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The last time I cried during a movie was when I glanced at my watch and realized there were still two hours left to go in Schindler's List. The Sessions doesn't open until October 28, but any feel-good comedy featuring a lead character in an iron lung that brought tears to my eyes must be heralded.

The studio asks that I refrain from talking about the best American film so far this year until opening day, but that won't stop me from giving a brief historical overview of iron lungs in cinema.

"What's an artificial lung?" I was 6 at the time and would give anything to re-live the look on my dad's face when I posed the question. "What do you know about artificial lungs," he grumbled. Glancing over the top of the Chicago American, dad spied an image on the TV set that explained my odd line of questioning.

A "what the hell kinda' thing is this?" look crossed dad's face. "I don't know," he replied, quickly returning to his newspaper. He never once questioned why the sight of Daffy Duck with his head jammed in an iron lung brought such joy to his little boy's heart.

It's an image that once planted, is not easily degaussed. I took great delight in sharing Bob Clampett's The Daffy Doc (1938) with animation students. Gasps choked laughs the first time they caught sight of this disturbingly daffy flash of operating room actuality grafted into a squash-and-stretch universe.

The Magnet (1950) is a satiric gem from England. James Fox was 10-years-old when he starred as Johnny Brent, a lad who is accused of stealing after he trades an "invisible watch" for a magnet. The title object winds up affixed to an iron lung that's part of a hospital fund raiser. Click to watch The Magnet.

No Pain is an episode of the popular Alfred Hitchcock Presents television show. Sandwiched between two sets of twins -- Hayley Mills squared in The Parent Trap and Family Affair's Buffy and Jody -- Brian Keith starred as a wealthy businessman suddenly confronted with the prospects of an iron lung and a murderous wife. In accordance with network Hitch, a twist-ending comes along that changes everything. Click to watch No Pain.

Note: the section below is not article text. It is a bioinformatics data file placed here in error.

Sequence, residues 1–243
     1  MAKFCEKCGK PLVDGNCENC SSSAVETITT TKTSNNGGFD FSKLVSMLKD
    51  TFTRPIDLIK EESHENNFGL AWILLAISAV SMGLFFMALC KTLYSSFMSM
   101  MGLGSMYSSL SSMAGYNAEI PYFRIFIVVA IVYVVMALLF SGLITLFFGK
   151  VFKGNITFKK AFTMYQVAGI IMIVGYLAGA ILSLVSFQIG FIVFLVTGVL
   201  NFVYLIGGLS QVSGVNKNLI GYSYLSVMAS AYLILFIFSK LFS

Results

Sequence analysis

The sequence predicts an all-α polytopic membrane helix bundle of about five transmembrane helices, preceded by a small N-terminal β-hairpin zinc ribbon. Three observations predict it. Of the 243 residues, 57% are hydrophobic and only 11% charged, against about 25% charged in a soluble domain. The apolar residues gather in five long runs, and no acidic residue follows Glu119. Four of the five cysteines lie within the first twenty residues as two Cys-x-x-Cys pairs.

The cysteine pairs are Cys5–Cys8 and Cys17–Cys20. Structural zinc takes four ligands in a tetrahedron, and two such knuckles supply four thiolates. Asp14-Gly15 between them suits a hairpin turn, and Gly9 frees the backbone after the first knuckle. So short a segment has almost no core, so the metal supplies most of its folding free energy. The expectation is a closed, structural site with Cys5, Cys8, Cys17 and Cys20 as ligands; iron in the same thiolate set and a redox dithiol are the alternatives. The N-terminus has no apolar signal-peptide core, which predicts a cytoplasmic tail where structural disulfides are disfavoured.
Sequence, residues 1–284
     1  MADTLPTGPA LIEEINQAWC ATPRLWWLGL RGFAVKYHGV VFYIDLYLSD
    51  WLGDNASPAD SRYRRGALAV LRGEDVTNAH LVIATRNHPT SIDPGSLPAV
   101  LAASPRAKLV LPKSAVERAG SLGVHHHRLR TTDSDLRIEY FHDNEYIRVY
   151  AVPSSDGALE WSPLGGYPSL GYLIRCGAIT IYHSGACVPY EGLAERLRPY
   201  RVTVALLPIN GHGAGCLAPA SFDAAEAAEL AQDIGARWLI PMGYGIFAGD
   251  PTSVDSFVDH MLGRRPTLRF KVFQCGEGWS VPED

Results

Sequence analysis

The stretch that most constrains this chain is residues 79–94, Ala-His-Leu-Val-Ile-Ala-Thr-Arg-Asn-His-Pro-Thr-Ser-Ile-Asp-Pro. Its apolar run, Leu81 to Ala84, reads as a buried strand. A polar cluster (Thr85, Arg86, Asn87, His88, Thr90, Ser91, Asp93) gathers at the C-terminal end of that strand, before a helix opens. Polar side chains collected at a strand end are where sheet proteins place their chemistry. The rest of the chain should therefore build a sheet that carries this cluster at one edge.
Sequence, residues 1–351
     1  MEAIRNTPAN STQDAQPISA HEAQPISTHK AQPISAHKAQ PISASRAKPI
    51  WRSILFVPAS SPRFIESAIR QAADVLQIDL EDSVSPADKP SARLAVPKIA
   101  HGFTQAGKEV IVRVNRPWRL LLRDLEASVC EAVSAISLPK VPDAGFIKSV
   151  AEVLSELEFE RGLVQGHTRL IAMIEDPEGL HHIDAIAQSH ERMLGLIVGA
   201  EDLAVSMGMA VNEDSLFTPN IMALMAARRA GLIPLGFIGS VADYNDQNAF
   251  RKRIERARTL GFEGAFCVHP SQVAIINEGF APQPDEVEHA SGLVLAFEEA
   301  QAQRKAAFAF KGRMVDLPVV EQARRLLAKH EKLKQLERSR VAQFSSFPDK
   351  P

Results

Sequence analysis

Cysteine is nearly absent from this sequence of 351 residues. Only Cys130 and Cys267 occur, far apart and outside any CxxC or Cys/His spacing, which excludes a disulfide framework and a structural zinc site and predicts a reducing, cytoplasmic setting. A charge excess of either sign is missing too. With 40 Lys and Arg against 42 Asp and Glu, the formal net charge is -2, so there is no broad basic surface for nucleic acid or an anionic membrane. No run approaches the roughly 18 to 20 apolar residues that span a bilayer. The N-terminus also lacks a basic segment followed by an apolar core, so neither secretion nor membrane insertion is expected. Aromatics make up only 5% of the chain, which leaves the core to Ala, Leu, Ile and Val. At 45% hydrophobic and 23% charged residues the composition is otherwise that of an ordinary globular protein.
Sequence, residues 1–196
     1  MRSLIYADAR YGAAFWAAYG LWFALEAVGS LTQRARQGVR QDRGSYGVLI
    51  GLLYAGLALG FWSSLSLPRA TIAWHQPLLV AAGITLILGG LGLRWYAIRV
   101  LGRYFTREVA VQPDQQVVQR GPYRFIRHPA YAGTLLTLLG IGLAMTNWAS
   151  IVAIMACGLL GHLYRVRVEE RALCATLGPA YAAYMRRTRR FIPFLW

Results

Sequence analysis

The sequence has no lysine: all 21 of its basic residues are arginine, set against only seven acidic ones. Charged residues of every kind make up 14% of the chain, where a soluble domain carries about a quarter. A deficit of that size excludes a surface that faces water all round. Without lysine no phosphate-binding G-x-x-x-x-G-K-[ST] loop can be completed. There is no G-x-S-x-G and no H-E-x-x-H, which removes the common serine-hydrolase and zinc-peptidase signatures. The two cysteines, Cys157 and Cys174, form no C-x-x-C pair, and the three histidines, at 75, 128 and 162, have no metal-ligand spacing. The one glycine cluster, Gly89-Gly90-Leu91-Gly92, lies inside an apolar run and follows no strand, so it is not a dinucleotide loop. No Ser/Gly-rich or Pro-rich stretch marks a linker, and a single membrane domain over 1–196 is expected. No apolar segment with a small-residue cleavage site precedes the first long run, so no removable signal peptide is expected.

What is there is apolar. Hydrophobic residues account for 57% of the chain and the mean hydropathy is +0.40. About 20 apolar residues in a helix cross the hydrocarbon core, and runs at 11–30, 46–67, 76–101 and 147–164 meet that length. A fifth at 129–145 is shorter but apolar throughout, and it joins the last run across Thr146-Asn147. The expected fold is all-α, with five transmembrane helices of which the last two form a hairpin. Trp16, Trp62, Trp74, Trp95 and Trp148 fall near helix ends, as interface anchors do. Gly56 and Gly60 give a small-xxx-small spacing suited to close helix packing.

If there is a finer iron lung epic than Agustí Villaronga's In a Glass Cage, please forward a link. A pedophiliac Nazi doctor's botched suicide attempt places him inside the safe confines of an iron lung. Fortunately for the viewer, the good doctor is being cared for by a young man he sexually assaulted in his youth. Suffice it to say the lad constructs his own variation on a temple of doom.

Put a copy on the prison dumbwaiter and send it up to Jerry Sandusky this instant!

It's dark, it's horrifying, it's exceedingly well made, and yes, it's available on YouTube. While films like In a Glass Cage define the "feel-good movie" experience for me, I must warn readers that this is strong stuff and most decidedly not for all tastes. Click at your own risk.

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Colonna Sept. 11, 2012 @ 4:52 p.m.

In the 1976 disaster comedy spoof "The Big Bus", a tycoon trapped inside an iron lung who has plotted with oil sheiks is played by Jose Ferrer.

During the course of the movie, Ferrer gets a haircut from Vito Scotti while scheming, shares his iron lung with an attractive blonde (possibly post-coitus), and is eventually killed when an earthquake he orders is aimed at his own house.

I can't find any clips of it on YouTube sadly enough - I might have to pull my VHS copy to re-visit it.


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